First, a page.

Yet we are also taught another side to family from the scriptures that we also forget that should be good news for those somewhere in the middle or on the lower spectrum of experiencing what this kind of family can be like. In fact, on one particular day Peter himself said these words to the Master. He said:
“See, we have left our homes and followed you.” And he said to them, “Truly, I say to you, there is no one who has left house or wife or brothers or parents or children, for the sake of the kingdom of God, who will not receive many times more in this time, and in the age to come eternal life.” (Luke 18:28-30)
As I read that passage, and as I have studied others and read countless books about the concept of family as it relates to the Christian’s task in it, I realized that there is often a time on the narrow path where one is called upon to sometimes “leave” family and friends to answer this call to a higher love. Though many Christian parents understand this conceptually, most recoil at the prospect once they are faced with letting one go to in fact embark upon it. Jesus’s promise however is that by following Him we also take up another family (the universal-organic church) that will give us more brothers and sisters and Moms and Dads than we can shake a stick at (a blog for another time). This is of course is really good news to those who accept the call, but equally good news to those of us who never knew what family was like until we step into God’s much bigger, much more loving and inclusive family. In fact I can remember time and time again reminding my sons that no matter what the world would dish out during the day, that once they stepped into the threshold of our home, it was to be a place of sanctuary and peace, and where absolutely everyone belongs. There were of course times when the devil would attempt to have his day, but we all became trained exorcists with stock piles of holy water, who each knew exactly when it was time to cast the demon out of our loving, yet imperfect home–and we did so expeditiously.
The scriptures as a whole also teach us that when our biological families and friends become more of a curse than a blessing, or who become cancer-like in their toxicity to our own families that we that we are now trying to raise, despite the admonition to still honor them rightly defined, there are times when those ties must be somewhat loosened, and thus given less prominence in comparison to our own call on the narrow path, and to which many times are in stark competition with one another. Something about “leaving” and “cleaving” also come to mind. Nonetheless, this however is a “tough row to hoe” when it happens; as the demons of guilt, manipulation, sibling rivalry, family money and power, and self-projected allegiances are asserted as nothing shy of how God himself would have it. The painful betwixt and between many times are enough to become a “no win” scenario that requires a partial divorce of sorts that pours time-release salt into an almost endless wound. And as I’ve been know to say time and time again, “there’s nothing like frickin family”, and often times they are the ones who run the damn salt factory!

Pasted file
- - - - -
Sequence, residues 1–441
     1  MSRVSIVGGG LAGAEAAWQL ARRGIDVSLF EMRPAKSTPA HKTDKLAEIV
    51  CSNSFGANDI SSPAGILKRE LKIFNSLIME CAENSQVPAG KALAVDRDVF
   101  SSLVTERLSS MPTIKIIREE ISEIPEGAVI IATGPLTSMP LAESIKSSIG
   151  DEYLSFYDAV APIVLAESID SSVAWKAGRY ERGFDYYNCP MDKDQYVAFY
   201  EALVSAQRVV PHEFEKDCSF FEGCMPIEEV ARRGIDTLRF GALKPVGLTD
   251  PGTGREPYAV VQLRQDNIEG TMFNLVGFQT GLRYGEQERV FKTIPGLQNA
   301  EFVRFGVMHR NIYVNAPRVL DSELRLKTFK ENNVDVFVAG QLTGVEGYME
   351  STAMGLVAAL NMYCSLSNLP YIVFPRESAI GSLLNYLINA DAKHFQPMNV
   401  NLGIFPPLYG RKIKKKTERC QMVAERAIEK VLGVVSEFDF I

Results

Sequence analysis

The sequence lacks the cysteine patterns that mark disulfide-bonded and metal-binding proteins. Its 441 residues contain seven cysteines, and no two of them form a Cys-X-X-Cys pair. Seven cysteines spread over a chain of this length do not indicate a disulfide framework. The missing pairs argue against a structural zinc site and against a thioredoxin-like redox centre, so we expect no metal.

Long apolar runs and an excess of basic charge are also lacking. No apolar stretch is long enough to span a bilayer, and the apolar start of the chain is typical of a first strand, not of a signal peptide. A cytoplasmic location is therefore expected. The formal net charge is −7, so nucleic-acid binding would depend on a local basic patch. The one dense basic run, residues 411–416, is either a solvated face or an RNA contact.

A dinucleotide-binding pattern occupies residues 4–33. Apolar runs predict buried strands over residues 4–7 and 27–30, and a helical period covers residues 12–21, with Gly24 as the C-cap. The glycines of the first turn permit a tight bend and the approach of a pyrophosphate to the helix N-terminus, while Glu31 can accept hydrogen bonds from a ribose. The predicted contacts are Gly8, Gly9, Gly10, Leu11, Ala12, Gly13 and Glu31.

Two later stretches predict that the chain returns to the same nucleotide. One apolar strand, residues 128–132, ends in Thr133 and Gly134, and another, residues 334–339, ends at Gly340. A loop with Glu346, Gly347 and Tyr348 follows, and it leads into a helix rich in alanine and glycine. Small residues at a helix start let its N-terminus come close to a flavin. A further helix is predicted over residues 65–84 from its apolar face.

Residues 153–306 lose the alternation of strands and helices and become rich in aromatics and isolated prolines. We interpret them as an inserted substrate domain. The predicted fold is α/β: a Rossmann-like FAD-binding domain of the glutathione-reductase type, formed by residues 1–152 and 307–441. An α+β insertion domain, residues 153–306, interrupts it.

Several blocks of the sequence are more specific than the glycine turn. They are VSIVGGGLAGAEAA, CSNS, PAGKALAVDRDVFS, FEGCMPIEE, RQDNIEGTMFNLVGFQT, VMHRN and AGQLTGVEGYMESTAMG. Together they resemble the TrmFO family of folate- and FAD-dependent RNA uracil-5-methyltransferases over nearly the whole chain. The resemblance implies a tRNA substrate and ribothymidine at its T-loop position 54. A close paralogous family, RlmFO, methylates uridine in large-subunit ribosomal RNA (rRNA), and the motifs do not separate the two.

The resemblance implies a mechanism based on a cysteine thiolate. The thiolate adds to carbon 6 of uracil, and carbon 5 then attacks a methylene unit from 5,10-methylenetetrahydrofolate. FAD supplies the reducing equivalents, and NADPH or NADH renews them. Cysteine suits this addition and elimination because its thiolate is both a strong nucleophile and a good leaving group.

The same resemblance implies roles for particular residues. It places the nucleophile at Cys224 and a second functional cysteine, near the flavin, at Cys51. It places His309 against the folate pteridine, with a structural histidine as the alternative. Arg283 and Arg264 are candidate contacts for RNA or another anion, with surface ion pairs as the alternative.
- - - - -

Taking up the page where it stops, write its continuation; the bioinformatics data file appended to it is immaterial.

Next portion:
This reminds me of the admonition from the apostle Paul on how to live Christianly in our relationships in the tail end of Romans chapter 12 where he writes,
“If possible, so far as it depends on you, live peaceably with all”. (Romans 12:18)
In my own experience with family relationships, I have found that most specifically here, many times the possibility of peace becomes an impossibility for those who simply will not allow the peace of Christ to pour on the healing oil and let go of the gripping hold they have on various family members, and their hold of choice is not sticks and stones regrettably, but the venomous words that indeed always hurt us. This scripture tells me that we must let go and forgive, but this does not always mean our bestowal of peace will be reciprocated, especially if it comes with a heavy dose of speaking the truth in love towards those who’ve been used to their job as a Geppetto-like puppet master over our lives. But our Lord has not mixed words here. He will have no other Gods before Him, and unbeknownst to some, this includes the ties that were initially designed to bind. And the truth is, sometimes God is all we’ve got while we wait for our families to take up the task of peacemaking with us, confession is made, and the relinquishing once and for all of their power-wielding sword is finally put in it’s sheath–but we mustn’t hold our breath. However, we must realize that even as we wait, the one who holds your hand will always most definitely be enough, and He is a good, good Father.